For Journalists

Music Publicity
Phone: 812-855-9846
E-mail: musicpub[at]indiana [dot] edu

Kyle Adams

Associate Professor of Music (Music Theory); Chair, Department of Music Theory

Contact Information:

kyadams@indiana.edu
(812) 855-1859
Simon Center, M225K

Department

Music Theory

Education
  • Ph.D., Doctor of Philosophy, City University of New York, 2006
  • M.M., Master of Music, Mannes College of Music, 1999
  • B.M., Bachelor of Music, Mannes College of Music, 1997
Biography

Kyle Adams is associate professor and chair of the Department of Music Theory, and aural skills coordinator at the Indiana University Jacobs School of Music. He earned his Ph.D. from the City University of New York in 2006, where his dissertation explored chromaticism in pre-tonal music. He holds bachelor’s and master’s degrees in piano from the Mannes College of Music. Prior to joining the faculty at the Jacobs School, Adams taught courses in music theory, ear training, and keyboard skills at Mannes, Queens College, and Hunter College.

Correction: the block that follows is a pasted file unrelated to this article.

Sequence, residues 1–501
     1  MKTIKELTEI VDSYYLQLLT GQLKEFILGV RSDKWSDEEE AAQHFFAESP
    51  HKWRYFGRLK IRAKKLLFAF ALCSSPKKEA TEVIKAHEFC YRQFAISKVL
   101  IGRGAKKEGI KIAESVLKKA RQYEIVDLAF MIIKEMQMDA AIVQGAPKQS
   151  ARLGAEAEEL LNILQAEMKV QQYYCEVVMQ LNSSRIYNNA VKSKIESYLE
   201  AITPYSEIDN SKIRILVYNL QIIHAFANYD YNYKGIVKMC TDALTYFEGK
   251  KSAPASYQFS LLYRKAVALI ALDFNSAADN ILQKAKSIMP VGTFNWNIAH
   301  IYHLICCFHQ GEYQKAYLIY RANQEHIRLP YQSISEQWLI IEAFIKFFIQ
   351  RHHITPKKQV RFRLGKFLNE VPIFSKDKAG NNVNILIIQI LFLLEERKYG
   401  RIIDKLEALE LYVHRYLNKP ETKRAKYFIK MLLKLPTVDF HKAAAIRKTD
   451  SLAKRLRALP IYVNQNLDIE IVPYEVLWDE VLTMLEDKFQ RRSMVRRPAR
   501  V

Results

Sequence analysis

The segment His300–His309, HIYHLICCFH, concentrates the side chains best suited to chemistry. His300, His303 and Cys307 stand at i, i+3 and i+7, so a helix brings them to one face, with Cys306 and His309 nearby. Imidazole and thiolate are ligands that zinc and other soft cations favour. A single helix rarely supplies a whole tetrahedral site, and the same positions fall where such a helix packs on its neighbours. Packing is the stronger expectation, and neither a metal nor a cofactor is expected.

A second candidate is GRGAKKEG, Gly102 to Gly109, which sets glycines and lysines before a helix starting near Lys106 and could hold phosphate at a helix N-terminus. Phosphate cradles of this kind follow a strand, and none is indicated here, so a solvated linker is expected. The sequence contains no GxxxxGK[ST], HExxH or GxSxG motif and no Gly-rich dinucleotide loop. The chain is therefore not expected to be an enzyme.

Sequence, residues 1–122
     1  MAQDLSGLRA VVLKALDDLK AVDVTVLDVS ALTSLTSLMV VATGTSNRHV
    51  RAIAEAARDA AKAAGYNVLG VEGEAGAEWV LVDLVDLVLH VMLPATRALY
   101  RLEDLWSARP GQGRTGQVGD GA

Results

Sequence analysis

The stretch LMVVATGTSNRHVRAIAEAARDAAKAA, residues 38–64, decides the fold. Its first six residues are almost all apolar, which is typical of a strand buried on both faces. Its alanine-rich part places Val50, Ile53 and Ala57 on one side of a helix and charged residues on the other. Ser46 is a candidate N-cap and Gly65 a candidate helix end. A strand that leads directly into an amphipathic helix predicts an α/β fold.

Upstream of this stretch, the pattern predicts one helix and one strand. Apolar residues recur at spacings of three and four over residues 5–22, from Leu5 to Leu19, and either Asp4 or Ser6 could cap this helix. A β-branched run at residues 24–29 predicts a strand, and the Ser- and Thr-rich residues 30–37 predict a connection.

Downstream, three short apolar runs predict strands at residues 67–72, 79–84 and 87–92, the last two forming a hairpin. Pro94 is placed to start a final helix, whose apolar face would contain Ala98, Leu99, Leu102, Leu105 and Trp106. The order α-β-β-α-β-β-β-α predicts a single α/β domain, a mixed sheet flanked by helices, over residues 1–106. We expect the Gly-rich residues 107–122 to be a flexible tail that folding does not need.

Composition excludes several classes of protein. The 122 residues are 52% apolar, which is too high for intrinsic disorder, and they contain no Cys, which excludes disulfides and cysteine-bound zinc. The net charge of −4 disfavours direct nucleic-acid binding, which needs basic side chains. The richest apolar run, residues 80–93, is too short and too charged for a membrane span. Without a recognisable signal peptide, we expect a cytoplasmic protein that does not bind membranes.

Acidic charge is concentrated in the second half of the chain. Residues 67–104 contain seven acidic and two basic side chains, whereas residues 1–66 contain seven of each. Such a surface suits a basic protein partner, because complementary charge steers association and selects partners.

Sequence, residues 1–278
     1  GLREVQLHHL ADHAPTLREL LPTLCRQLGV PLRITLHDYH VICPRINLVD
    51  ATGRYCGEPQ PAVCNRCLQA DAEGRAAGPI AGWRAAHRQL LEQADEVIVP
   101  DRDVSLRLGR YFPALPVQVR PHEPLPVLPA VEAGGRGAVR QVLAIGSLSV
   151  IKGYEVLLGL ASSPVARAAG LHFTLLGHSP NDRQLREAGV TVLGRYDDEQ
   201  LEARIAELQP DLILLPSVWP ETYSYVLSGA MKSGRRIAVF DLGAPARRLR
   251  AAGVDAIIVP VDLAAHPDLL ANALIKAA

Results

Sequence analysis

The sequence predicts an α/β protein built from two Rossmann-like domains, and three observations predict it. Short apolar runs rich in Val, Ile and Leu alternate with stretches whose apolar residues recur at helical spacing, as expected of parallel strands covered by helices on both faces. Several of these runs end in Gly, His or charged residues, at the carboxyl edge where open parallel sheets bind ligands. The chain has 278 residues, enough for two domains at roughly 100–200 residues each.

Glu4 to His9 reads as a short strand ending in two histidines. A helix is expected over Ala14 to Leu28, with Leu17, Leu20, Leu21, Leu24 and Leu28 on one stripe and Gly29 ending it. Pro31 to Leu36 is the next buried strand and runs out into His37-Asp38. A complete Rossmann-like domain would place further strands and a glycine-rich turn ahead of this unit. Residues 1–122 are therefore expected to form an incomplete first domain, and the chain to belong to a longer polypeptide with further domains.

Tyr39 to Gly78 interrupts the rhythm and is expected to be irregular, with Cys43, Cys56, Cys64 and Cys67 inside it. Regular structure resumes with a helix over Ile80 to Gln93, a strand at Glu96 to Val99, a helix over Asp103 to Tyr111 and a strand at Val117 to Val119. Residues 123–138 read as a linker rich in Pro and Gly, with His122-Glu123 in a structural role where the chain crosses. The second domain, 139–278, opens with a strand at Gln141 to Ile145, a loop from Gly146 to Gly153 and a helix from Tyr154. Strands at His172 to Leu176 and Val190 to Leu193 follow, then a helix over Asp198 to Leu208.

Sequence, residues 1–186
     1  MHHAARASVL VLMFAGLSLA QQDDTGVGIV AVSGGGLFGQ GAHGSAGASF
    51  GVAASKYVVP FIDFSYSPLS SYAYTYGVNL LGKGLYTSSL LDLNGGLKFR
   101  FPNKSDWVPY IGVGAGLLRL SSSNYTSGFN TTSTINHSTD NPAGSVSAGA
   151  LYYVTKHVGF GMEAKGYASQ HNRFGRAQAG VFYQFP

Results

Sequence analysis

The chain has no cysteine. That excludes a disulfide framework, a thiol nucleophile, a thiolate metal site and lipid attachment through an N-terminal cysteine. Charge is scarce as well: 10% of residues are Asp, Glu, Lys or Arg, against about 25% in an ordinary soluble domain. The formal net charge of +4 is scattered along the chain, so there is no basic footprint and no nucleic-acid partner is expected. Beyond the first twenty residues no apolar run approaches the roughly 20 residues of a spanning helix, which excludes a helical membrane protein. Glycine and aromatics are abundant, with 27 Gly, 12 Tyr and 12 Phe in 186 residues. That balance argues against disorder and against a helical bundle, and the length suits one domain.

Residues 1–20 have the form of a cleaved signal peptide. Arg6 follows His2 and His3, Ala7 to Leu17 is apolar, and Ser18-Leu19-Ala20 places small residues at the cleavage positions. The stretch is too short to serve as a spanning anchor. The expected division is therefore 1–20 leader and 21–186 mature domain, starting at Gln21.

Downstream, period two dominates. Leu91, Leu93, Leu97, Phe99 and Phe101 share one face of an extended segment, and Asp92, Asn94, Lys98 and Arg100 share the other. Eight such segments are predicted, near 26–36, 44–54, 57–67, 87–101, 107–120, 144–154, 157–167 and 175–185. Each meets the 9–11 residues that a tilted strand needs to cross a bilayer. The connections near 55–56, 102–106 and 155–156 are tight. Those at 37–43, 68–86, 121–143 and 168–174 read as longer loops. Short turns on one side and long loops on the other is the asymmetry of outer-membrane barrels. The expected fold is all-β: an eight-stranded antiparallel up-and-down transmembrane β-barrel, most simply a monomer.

His bifocal research agenda involves music of the sixteenth century and hip-hop music. In sixteenth-century music, his work deals with tonal structure; to that end, he has published articles on the modes of polyphony and on Renaissance chromaticism in Theoria and in the Journal of Music Theory. Adams’ hip-hop research attempts to model the musical and rhythmic aspects of rap lyrics and how they relate to the underlying beat. He has published on these topics in Music Theory Online, Music Theory Spectrum, and the Cambridge Companion to Hip-Hop.

In addition to his research and teaching, Adams continues to work as an accompanist, primarily for singers and brass instrumentalists.

Select Publications

“What Did Danger Mouse Do? The Grey Album and Musical Composition in Configurable Culture,” Music Theory Spectrum, 37/1 (Spring 2015), 7-24.

“The Musical Analysis of Hip-Hop,” The Cambridge Companion to Hip-Hop, ed. Justin A. Williams (Cambridge, 2014).

“Mode Is Real: A Re-examination of Polyphonic Modality,” Theoria 19 (2012), 32–64.

“A New Theory of Chromaticism from the Late Sixteenth to the Early Eighteenth Century,” Journal of Music Theory, 53/2 (Fall 2009), 255–304.

“On the Metrical Techniques of Flow in Rap Music,” Music Theory Online, 15/4 (October 2009)

“Aspects of the Music/Text Relationship in Rap,” Music Theory Online, 14/2 (June 2008).